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In Mexico, auto industry struggles to rev up operations

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A worker resumes activities at a truck part factory after it was closed for several weeks to prevent the spread of coronavirus in San Luis Potosi, Mexico on May 27, 2020.

Auto industry activity is resuming at factories in Mexico. But, unions are concerned about working conditions. Mauricio Palos/AFP via Getty Images

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Mexico and the United States are deeply connected by trade, with very close ties in the automotive industry. In mid-May, the sector started to reopen in Mexico after pressure from lobbying groups on both sides of the border.

A new U.S.-Mexico-Canada Agreement took effect on July 1, 2020. It requires the auto industry to standardize workers’ salaries and use more materials that come from the three countries.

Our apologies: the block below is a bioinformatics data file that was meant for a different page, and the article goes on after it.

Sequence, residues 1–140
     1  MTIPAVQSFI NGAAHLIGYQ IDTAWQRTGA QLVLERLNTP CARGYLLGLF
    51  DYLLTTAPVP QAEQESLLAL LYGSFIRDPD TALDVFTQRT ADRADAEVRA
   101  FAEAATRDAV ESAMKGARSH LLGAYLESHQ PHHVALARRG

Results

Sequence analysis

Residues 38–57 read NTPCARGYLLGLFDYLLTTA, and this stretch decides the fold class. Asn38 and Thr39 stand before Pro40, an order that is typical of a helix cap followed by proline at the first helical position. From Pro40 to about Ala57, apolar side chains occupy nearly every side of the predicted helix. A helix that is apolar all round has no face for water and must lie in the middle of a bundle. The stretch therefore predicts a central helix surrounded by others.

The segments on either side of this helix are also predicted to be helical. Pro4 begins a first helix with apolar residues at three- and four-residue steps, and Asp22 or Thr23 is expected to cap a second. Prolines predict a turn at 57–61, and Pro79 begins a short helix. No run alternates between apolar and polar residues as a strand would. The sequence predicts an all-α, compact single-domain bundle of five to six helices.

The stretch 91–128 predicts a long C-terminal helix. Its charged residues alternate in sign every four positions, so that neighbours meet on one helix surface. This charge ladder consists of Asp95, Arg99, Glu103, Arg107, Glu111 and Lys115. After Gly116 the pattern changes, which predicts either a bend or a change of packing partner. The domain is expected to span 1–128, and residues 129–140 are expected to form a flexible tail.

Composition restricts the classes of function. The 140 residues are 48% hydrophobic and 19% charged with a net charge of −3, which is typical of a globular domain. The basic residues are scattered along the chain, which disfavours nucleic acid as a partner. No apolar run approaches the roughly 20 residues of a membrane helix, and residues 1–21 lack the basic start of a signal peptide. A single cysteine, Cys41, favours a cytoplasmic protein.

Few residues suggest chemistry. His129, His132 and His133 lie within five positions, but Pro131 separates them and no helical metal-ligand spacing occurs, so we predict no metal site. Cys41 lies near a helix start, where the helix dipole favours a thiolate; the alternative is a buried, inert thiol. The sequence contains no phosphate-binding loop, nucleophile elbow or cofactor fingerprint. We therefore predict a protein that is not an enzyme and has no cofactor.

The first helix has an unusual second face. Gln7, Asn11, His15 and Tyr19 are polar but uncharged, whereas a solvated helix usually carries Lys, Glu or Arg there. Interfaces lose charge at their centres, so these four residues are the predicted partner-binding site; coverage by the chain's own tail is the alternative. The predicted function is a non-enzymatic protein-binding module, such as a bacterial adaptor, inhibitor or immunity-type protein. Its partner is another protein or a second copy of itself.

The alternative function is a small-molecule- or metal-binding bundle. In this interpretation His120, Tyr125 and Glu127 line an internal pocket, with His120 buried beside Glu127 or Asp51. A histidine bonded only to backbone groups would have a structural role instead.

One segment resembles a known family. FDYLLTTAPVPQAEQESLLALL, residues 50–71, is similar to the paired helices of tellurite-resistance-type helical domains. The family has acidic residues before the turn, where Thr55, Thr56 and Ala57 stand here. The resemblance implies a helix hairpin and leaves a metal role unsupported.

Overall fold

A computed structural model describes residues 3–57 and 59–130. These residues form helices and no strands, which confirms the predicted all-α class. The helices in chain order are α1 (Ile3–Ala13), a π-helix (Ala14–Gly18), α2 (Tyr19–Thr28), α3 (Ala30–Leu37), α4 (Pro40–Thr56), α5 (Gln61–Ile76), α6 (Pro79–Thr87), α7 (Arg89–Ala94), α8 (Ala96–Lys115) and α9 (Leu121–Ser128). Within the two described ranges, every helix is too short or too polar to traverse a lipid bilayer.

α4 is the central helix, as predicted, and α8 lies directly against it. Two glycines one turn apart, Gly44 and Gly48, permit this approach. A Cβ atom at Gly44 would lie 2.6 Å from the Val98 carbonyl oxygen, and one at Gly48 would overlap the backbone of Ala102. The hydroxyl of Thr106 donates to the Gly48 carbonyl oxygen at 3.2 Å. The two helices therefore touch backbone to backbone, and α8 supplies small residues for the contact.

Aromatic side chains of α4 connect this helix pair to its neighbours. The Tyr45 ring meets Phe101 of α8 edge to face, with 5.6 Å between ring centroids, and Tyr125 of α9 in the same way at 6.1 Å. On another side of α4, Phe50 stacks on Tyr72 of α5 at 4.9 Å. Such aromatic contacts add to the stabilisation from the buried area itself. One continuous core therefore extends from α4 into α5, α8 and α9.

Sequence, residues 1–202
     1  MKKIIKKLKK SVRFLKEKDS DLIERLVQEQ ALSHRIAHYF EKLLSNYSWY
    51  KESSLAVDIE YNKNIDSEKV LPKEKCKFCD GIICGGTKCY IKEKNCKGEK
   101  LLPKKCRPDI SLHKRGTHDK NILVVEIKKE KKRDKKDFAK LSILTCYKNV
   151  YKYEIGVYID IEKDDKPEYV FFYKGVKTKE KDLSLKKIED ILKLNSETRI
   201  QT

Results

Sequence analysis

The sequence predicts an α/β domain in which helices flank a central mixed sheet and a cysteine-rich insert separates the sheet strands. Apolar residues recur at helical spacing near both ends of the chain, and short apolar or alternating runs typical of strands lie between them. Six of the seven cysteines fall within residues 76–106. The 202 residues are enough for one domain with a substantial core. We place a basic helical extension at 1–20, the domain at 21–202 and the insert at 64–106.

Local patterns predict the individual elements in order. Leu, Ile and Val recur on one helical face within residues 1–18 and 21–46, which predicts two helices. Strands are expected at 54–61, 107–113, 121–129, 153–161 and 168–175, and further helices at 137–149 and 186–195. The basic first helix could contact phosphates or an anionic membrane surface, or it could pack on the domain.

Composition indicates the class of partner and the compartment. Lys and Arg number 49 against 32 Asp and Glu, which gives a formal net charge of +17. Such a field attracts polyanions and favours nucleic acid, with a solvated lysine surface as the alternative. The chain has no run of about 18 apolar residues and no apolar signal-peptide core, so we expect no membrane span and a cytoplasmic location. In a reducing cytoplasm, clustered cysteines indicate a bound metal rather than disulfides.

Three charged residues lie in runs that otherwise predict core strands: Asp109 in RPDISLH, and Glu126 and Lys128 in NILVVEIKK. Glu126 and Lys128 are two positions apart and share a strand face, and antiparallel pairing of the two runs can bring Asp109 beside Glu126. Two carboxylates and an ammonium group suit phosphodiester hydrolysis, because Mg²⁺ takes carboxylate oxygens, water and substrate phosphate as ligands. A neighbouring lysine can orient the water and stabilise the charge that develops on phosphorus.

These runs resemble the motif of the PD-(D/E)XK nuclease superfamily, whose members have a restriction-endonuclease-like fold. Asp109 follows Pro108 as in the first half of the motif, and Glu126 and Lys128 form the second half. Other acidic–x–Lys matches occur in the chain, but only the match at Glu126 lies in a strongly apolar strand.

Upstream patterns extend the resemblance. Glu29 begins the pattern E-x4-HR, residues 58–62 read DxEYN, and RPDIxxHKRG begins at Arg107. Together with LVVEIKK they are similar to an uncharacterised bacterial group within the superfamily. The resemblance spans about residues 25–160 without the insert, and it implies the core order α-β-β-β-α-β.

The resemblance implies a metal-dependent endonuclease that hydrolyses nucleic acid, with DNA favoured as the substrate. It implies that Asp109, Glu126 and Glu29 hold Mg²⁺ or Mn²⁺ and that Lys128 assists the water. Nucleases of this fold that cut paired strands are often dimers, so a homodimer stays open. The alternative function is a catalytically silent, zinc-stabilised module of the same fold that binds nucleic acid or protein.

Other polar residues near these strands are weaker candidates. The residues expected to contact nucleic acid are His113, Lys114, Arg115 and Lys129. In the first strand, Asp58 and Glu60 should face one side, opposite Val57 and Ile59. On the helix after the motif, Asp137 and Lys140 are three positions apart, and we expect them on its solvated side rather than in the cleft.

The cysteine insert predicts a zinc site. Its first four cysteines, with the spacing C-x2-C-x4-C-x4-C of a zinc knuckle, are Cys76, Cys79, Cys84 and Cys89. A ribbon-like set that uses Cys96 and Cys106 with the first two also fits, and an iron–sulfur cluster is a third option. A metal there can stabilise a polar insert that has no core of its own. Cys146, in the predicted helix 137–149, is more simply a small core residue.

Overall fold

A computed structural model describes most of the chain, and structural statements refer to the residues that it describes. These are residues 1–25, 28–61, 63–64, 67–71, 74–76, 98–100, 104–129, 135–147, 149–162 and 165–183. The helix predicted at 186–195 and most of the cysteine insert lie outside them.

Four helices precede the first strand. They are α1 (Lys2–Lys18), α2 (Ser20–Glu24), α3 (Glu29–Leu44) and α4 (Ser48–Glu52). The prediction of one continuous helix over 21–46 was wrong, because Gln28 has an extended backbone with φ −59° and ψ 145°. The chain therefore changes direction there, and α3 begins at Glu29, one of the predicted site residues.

Miguel Barbeyto, Mazda Mexico’s president and CEO, said the company is getting ready for that, while dealing with protocols around the pandemic. “So, we need to work hard,” Barbeyto said.

But unions are concerned about current working conditions in auto plants.

Benedicto Martínez is a coordinator of Frente Auténtico del Trabajo, one of the unions in Mexico with members in the automotive industry. He said unions are watching the pandemic protocols carefully at factories.

Pedro Tello, an economic analyst in Mexico City, said reigniting the auto industry will help normalize the country’s economy. But he points out large companies in Mexico, like automakers, have not received any tax incentives or loans from the federal government, and that the country may lose companies and jobs.

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